NASA Sent One Identical Twin Brother To Space For A Year - And It May Have Permanently Changed 7 Percent Of His DNA
When NASA astronaut Scott Kelly stood up last March after spending a year in space, he was two inches taller.
The engineer and veteran of four space flights is part of a long-term NASA study that aims to figure out how being in space changes our bodies and brains.
Scott Kelly is uniquely positioned to give NASA key insight into these changes because he is both an astronaut and a twin. For its research, NASA is comparing Scott Kelly's DNA with the identical DNA of his twin brother, Mark Kelly. Mark stayed on Earth for Scott's 340-day stint aboard the International Space Station, giving NASA the rare opportunity to compare how being space affected his genes.
Although each Kelly brother was born with the same set of DNA, life has exposed each set of genes to a range of divergent experiences — space being one of them. Those experiences affect the way the Kellys' genes are expressed (also known as being "turned on" or "turned off").
Scott's newfound height turned out to be only a temporary result of his spine being physically stretched in a gravity-free environment, and not a tweak to his genes. But it's just one of the many alterations the researchers have documented so far. Deep within Scott's DNA, they are finding a range of tweaks that are not present in his brother Mark. While some were temporary and seemed to occur only while he was in space, others were long-lasting.
"When he went up into space it was like fireworks of gene expression," Christopher Mason, a principal investigator on the NASA twins study and an associate professor at Weill Cornell Medical College, told Business Insider. "But the changes that seem to have stuck around include changes in immune system function and retinal function related to his eye health."
Roughly 7% of Scott Kelly's genes may have permanently changed as a result of his time in space.
According to Mason, some 7% of Scott's genes have not returned to normal since he landed back on Earth more than two years ago. Kelly said he was surprised by that change in a Marketplace interview on Thursday.
"I did read in the newspaper the other day … that 7% of my DNA had changed permanently," Kelly said. "And I'm reading that, I'm like, ‘Huh, well that's weird.'"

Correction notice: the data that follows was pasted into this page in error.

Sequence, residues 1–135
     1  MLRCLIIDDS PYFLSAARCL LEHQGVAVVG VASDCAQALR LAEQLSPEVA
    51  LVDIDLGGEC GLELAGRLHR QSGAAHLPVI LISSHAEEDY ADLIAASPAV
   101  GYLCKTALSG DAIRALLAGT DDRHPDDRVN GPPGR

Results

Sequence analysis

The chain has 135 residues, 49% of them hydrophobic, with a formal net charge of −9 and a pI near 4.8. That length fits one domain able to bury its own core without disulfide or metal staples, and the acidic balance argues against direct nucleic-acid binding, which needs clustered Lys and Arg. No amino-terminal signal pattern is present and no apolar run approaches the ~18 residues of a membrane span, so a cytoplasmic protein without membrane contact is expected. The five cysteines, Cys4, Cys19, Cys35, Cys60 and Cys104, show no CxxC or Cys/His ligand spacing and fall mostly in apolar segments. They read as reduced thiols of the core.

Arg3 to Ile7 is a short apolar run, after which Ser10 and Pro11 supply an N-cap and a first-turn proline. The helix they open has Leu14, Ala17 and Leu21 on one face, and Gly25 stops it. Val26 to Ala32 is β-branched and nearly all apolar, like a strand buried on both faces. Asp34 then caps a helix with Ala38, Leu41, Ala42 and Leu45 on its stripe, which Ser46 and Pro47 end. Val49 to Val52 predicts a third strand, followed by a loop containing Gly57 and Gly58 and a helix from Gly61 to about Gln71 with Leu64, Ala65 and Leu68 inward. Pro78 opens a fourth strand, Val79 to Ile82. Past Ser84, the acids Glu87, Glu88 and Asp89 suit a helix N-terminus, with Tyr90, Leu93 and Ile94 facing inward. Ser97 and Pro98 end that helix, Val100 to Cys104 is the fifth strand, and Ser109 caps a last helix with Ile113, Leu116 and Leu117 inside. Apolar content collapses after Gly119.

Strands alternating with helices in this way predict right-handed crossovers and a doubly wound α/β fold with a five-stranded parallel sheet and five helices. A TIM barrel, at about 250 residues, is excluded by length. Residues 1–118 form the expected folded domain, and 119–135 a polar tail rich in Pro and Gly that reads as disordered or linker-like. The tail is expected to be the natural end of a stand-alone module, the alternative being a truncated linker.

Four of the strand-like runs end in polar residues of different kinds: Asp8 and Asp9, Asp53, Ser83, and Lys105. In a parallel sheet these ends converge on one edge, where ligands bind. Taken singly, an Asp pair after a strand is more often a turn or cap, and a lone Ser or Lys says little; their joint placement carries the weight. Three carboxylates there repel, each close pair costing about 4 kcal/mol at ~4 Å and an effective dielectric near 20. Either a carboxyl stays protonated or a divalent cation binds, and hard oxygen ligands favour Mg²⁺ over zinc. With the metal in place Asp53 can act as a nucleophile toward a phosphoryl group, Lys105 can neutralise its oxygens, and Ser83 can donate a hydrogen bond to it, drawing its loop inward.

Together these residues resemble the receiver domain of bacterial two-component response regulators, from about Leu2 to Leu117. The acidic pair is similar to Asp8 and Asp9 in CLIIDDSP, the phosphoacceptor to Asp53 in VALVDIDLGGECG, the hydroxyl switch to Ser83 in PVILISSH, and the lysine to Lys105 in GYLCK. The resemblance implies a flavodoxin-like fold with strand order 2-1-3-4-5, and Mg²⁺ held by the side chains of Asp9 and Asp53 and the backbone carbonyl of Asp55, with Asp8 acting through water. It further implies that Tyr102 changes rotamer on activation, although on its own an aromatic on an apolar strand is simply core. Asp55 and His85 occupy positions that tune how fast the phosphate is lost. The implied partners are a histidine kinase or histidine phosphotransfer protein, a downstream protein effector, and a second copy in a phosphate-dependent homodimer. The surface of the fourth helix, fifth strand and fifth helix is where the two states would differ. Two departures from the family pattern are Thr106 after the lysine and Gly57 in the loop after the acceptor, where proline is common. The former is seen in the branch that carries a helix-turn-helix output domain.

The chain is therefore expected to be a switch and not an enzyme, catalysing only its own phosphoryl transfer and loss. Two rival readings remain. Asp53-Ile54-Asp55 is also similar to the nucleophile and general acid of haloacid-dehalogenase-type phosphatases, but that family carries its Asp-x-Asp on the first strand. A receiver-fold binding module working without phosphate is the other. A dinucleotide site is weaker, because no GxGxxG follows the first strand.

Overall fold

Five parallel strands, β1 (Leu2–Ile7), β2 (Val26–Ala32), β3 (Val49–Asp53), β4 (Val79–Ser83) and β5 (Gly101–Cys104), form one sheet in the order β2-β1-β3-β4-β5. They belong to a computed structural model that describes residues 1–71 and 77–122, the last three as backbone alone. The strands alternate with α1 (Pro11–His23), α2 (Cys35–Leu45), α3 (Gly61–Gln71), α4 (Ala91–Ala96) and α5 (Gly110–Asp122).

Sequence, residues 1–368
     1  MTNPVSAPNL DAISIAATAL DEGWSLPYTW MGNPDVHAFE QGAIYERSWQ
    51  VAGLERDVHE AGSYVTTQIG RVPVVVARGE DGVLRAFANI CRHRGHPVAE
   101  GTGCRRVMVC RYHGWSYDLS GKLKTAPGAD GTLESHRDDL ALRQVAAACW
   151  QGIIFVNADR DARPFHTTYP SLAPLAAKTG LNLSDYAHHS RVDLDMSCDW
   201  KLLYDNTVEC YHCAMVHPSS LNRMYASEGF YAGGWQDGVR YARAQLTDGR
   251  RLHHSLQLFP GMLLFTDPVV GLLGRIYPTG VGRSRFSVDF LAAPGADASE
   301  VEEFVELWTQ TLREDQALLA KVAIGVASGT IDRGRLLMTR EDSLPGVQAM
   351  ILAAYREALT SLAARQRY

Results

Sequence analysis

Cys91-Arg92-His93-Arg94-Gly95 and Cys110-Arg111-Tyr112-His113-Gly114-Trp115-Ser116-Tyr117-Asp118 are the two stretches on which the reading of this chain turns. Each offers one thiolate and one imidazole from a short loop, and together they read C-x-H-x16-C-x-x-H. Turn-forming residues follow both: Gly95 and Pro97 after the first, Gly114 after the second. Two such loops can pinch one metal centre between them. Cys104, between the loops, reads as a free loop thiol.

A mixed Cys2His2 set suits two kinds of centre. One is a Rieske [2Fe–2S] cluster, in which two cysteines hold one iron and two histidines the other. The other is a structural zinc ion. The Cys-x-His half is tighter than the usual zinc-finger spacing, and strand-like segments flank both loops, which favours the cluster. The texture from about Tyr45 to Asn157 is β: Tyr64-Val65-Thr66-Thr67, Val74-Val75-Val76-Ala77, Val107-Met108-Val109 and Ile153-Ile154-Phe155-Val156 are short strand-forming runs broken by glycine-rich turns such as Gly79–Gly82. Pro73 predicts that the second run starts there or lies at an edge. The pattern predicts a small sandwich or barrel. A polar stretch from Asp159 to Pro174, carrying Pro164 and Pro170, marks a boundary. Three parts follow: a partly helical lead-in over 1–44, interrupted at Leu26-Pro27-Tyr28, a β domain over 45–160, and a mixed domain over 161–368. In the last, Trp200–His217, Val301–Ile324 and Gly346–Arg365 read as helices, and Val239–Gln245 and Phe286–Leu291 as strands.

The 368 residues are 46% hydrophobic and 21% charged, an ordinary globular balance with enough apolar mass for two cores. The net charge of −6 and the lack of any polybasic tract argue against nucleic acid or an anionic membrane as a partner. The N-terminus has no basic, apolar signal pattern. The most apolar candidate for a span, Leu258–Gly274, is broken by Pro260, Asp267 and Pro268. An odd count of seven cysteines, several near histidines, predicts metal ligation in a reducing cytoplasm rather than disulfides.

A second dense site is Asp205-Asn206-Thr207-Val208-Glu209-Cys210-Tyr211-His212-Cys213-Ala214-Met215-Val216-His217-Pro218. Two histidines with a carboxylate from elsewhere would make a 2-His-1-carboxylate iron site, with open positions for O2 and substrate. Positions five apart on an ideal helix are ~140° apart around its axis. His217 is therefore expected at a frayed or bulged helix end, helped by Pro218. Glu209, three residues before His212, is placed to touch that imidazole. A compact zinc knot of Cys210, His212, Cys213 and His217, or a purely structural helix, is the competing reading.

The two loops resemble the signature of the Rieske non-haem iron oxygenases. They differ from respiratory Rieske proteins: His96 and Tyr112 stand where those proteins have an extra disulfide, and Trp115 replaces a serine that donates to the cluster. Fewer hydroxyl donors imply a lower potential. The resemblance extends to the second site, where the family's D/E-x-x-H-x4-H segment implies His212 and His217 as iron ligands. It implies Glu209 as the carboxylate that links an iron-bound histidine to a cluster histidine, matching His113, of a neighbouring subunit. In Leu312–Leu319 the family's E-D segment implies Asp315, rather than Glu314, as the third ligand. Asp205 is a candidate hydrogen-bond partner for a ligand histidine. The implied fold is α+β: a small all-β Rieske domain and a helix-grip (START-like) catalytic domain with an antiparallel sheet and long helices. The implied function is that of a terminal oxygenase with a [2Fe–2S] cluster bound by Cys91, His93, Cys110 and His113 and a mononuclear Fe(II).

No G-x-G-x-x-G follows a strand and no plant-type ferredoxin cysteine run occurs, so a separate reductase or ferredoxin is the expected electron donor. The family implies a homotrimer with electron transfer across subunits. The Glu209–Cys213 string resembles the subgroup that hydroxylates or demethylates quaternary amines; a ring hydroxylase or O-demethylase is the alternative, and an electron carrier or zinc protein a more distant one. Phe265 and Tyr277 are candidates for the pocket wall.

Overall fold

Those changes appear to have occurred in genes that control functions related to Kelly's immune system, bone formation, and DNA repair, as well as in those involved in responding to an oxygen-depleted or carbon-dioxide rich environment.
"With a lot of these changes, it's as if the body is trying to understand this, quite literally, alien environment and respond to that," Mason said.
In many respects, Kelly's genes display the hallmarks of a body reacting to what it perceives as a threat, he added.
"Oftentimes when the body encounters something foreign, an immune response is activated. The body thinks there’s a reason to defend itself. We know there are aspects of being in space that are not a pleasant experience and this is the molecular manifestation of the body responding to that stress."
The full results of NASA's twin study aren't public yet — but here are some interesting findings
The full results of NASA's twin study haven't been released yet, but the preliminary data is already giving scientists a lot to ponder.
Some of those findings build on what we already knew, like the fact that being in space stretches your spine, shrinks your muscles, and messes up your sleep cycle.
But the long-term effects of taking our bodies for a jaunt outside Earth's protective atmosphere are much less understood. Here's a quick look at what the researchers have uncovered so far:
Scott's telomeres got longer, then shrunk back to normal. Scott's telomeres, or the caps at the end of chromosomes, became longer than his brother's while he was in space, but quickly returned to their normal length once he returned home. "That is exactly the opposite of what we thought,” Susan Bailey, a radiation biologist at Colorado State University in Fort Collins, told Nature last year. That's because shorter telomeres are generally associated with getting older. Scientists are still studying what this means, but it could be linked to getting more exercise and eating fewer calories while in space, according to NASA.
Scott's genetic expression changed in a variety of ways. Scott's genes showed both increased and decreased levels of methylation, a process that results in genes getting turned on and off. “Some of the most exciting things that we’ve seen from looking at gene expression in space is that we really see an explosion, like fireworks taking off, as soon as the human body gets into space,” Mason said in a statement last year. According to NASA, this could "indicate genes that are more sensitive to a changing environment whether on Earth or in space."
The twins hosted different gut bacteria. Researchers noted differences between Scott's and Mark's gut bacteria (essentially the microbes that aid in digestion) throughout the year-long study. This was probably a result of their different diets and environments, NASA said.
Scientists are looking for what they're calling a "space gene." By sequencing the RNA in the twins' white blood cells, researchers found more than 200,000 RNA molecules that were expressed differently between the brothers. It is normal for twins to have unique mutations in their genome, but scientists are "looking closer to see if a 'space gene' could have been activated while Scott was in space," NASA said.
NASA is still combing through the results of the study and expects to release the full set later this year. That research will inform space missions — including potential trips to Mars — for years to come.
Image credit: NASA